This is the hotel where he stayed during his summer vacation.The cat, which belongs to my friend, is very well-trained.
We need the money that he lent you last week. The cafe, where we celebrated our anniversary, had an amazing ambiance.
The laptop that I purchased recently is very fast.The novel, which was recommended by my teacher, turned out to be insightful.

Usage of Adjective Clause

If you understand what adjective clauses include and how they’re put together, using them will be easier. An adjective clause is a dependent clause that comes after the subject or object of the sentence, so keep that in mind when learning about its form. Things you need to know about the adjective clause are as follows:

  • It comes right after the noun or phrase.
  • It is modified and starts with a relative pronoun, such as who, that, which, whose, etc. 
  • There should also be a verb if a noun, noun phrase, or pronoun follows the relative pronoun. 
  • If a verb comes before the relative pronoun, an adjective will probably come after it.

Also read: 30+ Adverb Clauses Examples in English

Practise Exercise Adjective Clause

Question: Identify the adjective clause in the below sentences.

  1. The book that is on the table belongs to Ria.
  2. The woman who is wearing a red shirt is my mother.
  3. I visited the place where my grandmother grew up.
  4. He likes to read books that have happy endings.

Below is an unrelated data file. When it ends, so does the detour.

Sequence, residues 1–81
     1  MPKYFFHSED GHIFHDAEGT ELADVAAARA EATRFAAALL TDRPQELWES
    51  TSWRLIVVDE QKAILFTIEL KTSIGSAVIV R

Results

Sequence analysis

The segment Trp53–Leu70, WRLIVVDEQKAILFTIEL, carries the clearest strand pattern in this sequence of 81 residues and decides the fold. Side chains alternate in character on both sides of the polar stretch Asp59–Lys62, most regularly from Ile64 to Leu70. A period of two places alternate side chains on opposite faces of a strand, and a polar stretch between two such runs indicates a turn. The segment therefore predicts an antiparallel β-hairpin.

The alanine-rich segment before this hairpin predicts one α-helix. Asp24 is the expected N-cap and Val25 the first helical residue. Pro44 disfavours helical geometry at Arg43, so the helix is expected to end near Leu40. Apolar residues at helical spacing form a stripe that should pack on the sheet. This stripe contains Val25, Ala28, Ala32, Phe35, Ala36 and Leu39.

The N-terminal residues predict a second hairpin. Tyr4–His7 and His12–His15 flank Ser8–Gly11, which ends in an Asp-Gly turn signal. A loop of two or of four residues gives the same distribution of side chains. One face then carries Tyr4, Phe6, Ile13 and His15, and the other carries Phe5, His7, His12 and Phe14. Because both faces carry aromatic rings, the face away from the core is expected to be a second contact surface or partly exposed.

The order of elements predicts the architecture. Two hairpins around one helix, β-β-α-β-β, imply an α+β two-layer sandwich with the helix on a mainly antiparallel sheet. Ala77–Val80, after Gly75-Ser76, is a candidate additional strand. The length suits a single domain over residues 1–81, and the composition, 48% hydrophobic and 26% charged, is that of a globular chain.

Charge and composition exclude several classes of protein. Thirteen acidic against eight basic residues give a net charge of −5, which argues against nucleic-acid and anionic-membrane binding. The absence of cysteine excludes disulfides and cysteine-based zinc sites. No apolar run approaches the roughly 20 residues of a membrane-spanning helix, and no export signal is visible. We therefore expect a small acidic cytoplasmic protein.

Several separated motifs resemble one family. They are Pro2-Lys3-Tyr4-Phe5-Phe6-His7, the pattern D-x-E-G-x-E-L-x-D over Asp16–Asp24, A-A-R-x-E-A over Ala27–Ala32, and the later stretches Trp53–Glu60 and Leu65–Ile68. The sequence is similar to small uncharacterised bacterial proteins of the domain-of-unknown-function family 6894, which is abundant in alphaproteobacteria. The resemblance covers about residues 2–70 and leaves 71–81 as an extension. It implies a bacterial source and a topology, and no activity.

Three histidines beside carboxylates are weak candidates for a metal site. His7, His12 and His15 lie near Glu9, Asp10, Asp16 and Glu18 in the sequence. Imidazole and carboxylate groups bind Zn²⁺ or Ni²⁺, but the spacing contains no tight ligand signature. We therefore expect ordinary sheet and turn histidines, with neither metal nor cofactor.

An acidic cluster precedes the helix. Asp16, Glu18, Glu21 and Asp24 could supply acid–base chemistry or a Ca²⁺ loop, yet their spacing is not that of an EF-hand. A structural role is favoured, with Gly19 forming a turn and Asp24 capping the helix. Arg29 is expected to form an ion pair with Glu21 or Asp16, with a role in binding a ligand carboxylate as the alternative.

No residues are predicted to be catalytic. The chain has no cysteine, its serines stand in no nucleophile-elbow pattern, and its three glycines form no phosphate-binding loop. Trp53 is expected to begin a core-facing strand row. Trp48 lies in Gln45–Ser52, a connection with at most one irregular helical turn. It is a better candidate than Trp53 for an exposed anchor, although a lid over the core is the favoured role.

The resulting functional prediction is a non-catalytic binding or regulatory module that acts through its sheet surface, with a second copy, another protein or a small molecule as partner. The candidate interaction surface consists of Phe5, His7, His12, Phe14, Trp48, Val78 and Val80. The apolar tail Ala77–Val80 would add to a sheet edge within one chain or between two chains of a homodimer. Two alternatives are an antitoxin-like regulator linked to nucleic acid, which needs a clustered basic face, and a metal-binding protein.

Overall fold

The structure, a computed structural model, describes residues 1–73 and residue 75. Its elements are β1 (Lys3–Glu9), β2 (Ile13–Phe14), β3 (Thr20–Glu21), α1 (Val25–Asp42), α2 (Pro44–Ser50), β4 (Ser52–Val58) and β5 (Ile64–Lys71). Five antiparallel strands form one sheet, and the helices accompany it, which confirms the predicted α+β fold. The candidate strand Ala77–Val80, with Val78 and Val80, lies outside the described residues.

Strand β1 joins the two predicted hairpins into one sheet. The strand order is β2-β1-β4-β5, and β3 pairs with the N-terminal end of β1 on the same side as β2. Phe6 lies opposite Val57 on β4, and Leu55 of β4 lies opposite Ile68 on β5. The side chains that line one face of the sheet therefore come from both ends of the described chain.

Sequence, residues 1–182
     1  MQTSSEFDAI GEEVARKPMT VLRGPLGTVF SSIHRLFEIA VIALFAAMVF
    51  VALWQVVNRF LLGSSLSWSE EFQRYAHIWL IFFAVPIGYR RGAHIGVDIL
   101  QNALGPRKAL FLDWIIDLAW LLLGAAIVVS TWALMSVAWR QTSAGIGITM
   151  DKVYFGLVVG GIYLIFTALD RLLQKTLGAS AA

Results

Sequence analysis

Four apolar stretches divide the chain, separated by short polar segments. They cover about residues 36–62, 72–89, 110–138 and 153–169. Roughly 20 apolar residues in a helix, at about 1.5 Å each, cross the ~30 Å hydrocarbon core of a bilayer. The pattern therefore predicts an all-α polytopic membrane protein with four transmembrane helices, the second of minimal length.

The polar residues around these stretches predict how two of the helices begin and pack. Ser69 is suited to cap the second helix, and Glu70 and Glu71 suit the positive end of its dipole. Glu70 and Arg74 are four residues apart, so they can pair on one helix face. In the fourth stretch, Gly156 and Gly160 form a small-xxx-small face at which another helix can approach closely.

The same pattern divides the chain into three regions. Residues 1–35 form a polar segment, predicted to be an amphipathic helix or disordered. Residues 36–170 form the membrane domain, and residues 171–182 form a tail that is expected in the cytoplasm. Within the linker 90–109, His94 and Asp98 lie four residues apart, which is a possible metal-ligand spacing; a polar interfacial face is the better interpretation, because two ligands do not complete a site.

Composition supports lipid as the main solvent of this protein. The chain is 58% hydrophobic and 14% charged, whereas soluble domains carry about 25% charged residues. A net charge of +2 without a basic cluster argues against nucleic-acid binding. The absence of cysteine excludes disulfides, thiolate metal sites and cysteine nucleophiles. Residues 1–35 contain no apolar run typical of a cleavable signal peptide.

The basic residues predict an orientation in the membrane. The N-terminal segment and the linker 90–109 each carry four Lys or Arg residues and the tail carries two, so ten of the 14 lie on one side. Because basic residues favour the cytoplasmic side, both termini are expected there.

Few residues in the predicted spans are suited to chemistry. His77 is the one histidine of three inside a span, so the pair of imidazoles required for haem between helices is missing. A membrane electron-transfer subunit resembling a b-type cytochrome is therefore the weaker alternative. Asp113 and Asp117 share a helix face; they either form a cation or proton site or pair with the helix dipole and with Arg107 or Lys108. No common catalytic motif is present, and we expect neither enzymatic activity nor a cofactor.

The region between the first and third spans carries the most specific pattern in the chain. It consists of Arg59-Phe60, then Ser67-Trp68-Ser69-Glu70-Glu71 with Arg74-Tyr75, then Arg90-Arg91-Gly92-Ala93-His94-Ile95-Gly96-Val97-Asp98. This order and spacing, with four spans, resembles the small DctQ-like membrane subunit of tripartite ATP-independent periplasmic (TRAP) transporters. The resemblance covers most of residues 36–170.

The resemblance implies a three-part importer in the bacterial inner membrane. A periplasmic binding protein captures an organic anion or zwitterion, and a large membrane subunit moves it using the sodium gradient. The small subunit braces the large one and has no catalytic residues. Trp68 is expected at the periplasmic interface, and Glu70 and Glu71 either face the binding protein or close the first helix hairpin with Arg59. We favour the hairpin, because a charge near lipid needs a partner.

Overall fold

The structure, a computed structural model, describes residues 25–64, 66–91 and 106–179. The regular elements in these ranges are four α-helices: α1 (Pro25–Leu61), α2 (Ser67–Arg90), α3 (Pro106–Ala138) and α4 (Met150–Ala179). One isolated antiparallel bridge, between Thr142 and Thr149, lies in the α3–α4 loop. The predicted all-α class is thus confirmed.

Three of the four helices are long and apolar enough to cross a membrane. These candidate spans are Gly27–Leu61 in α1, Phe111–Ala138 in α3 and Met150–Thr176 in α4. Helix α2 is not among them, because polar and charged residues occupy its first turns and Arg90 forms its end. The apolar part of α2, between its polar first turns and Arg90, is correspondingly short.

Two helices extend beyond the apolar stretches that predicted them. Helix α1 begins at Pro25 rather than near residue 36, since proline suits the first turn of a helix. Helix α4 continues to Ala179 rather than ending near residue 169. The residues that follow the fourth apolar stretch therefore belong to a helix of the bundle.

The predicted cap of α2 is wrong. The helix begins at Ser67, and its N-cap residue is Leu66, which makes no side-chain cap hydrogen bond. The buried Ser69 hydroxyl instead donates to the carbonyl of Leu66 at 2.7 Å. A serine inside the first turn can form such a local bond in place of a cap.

5. The cat, which is brown and white, is very friendly.
  6. She bought a car that runs on electricity.
  7. The cafe where we had lunch last afternoon was excellent.
  8. The boy who won the competition was ecstatic.
  9. Th house whose roof was damaged in the storm needs repairs.
  10. The teacher who teaches Hindi is very knowledgeable.


  1. Adjective Clause: “that is on the table”
  2. Adjective Clause: “who is wearing a red shirt”
  3. Adjective Clause: “where my grandmother grew up”
  4. Adjective Clause: “that have happy endings”
  5. Adjective Clause: “which is brown and white”
  6. Adjective Clause: “that runs on electricity”
  7. Adjective Clause: “where we have lunch last afternoon”
  8. Adjective Clause: “won the competition”
  9. Adjective Clause: “whose roof was damaged in the storm”
  10. Adjective Clause: “who teaches Hindi”

Related Reads on English Grammar

Noun Clause Examples For Your Understanding!Parts of Speech
How to Write a Letter: Letter Writing Types and Examples101+ One Word Substitutions
List of Idioms and Phrases for IELTSAll Types of Adjective Worksheet
What is an Adjective clause?

As mentioned above, an adjective clause is a dependent clause that adds information about a noun or pronoun in a sentence to modify it.

What are the types of clauses?

There are two types of clauses: Essential Adjective Clause, and Non-Essential Adjective Clause.

How can adjective clauses be identified?

Adjective clauses often start with a relative pronoun such as “who”, “whom”, “which”, or “that”. It can also start with relative adverbs such as: “where” “when”, or “why”. See these words to identify adjective clauses.

This was all about the Adjective Clause with examples in Learn English. Hope you understand the concept and know how to proceed. You can also follow the Learn English page of Leverage Edu for more exciting and informative blogs.